The detective who led the investigation into Britain’s most notorious child abusers has claimed there could be another 17 unsolved murders at the hands of the paedophile gang and links to the VIP, Elm Guest House.
The Mail Online reports:- Former Scotland Yard detective Roger Stoodley also believes investigation files relating to the group – which abducted, abused and murdered children during the 1980s – could contain vital evidence about a VIP paedophile ring which allegedly abused boys at a London guest house.
Under Operation Orchid, Mr Stoodley helped expose the murders of three children by a gang of paedophiles, of which fairground worker Sidney Cooke was one of the ringleaders.
The victims were Jason Swift, 14, six-year-old Barry Lewis and Mark Tildesley, seven
But detectives believed at the time that as many as 17 other abductions and murders were connected to the notorious gang.
Mr Stoodley said detectives worked on the premise that there were 20 victims involved in Cooke’s gang, but that only three were established.
‘It seems unbelievable but we were told there may have been twenty paedophile murders,’ he said. ‘We proved there were three and there may have been more. There are potentially 17 unsolved murders.’
Detectives at the time also investigated links between Cooke’s group and the Elm Guest House in Barnes – where it is alleged politicians and other VIPs attacked and abused children – but could not find a link.
Scotland Yard last week launched a new probe into the possibility of murders linked to the guest house, which is at the centre of the inquiry into the establishment paedophile conspiracy.
Mr Stoodley told the Times: ‘The Orchid files – if they still exist – could hold the key to renewed concerns over the handling of police investigations into two child abductions.
‘Elm Guest House came up in our inquiry but it was not within our remit at the time. It is in our system but we could not establish a link with Cooke.’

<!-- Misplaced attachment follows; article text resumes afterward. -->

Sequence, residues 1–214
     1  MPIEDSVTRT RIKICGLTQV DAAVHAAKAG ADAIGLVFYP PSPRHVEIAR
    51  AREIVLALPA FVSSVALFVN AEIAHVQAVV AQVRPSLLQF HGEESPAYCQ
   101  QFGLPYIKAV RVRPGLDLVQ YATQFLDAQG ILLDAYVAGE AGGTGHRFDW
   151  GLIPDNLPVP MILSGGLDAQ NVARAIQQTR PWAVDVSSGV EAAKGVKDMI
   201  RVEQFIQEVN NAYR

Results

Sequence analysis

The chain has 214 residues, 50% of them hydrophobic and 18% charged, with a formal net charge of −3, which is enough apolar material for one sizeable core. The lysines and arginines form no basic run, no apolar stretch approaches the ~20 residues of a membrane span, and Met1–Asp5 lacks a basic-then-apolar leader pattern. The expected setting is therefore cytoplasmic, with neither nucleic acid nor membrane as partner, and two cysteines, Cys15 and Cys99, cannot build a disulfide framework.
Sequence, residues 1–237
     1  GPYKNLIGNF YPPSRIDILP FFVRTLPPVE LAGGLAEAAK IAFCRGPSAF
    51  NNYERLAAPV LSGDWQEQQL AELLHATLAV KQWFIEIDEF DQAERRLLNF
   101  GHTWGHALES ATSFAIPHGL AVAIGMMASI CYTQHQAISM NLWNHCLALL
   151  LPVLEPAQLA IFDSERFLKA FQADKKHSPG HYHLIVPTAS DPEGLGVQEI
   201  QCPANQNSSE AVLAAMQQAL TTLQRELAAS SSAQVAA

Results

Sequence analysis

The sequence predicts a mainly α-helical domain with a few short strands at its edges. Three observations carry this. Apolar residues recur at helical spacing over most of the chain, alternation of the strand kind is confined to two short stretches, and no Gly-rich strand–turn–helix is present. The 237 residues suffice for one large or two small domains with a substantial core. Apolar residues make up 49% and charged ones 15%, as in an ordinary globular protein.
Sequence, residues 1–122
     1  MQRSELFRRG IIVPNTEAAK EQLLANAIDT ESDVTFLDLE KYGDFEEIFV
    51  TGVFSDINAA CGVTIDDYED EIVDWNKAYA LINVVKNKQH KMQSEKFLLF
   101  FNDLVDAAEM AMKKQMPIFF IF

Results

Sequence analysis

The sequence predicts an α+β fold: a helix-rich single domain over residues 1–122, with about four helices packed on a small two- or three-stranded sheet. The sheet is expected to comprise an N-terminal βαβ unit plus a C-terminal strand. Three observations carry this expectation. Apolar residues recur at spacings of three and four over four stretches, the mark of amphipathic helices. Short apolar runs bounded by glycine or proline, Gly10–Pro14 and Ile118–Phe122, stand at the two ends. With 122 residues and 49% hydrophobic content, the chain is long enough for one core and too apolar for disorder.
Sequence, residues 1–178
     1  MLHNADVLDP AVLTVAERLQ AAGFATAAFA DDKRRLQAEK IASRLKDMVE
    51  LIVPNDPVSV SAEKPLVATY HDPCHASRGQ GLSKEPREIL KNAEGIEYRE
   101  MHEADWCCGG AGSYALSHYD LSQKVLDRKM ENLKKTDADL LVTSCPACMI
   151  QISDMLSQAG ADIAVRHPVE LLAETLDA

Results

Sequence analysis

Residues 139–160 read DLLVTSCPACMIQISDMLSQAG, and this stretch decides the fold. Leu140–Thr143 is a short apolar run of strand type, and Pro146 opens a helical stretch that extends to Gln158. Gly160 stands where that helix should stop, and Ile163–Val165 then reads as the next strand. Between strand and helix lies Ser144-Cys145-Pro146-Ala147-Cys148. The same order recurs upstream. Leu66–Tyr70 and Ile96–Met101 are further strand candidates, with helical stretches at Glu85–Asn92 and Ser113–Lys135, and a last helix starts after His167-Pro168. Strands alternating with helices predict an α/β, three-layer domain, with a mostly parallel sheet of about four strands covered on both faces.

Mr Stoodley believes the connection may have been through Leonard Smith, one of Cooke’s accomplices, who may have been a male prostitute at Elm Guest House.
He said: ‘We had reason to believe he could have gone there in the past, but Smith would never cooperate with us. He refused to speak. He would always just say “no comment”. And he is dead now.’
He added: ‘The lot we put away were dirty, disgusting individuals. I don’t think their paths would ever have crossed with those visiting Elm Guest House because they moved in different circles.’
Yesterday, the families of eight-year-old Vishal Mehrotra, who was abducted and murdered in 1981, and Martin Allen, 15, who disappeared in 1979, called on the Metropolitan Police to see whether the two rings are connected.
Mehrotra, 69, a retired magistrate, said a male prostitute told him that Vishal was taken to the Elm Guest House where high-profile abusers attacked children.
Mr Mehota recorded the conversation but when he presented police with the evidence, Scotland Yard ‘pooh poohed’ it and failed to investigate, he alleged.
The skull and several rib bones of Vishal were discovered in 1982 by pigeon shooters in remote marshland at Durford Abbey Farm, at Rogate, close to the Hampshire-West Sussex border.
Vishal, from Putney, south-west London, had vanished while shopping with his nanny and sister on July 29, 1981 – the same day Lady Diana Spencer and the Prince of Wales were married.
In June 1982, four months after Vishal’s remains were found, police raided the Elm Guest House and it was widely reported at the time that the raids were linked to the boy’s disappearance.
Mr Stoodley said the disappearances of Vishal and Martin ‘matched the modus operandi’ of Cooke and his associates.
Cooke’s gang worked by luring boys away while they were walking on their own. They also groomed them for abuse.
Operation Orchid, which was wound up shortly after Mr Stoodley retired in 1992, resulted in Cooke serving two life sentences for sexual abuse.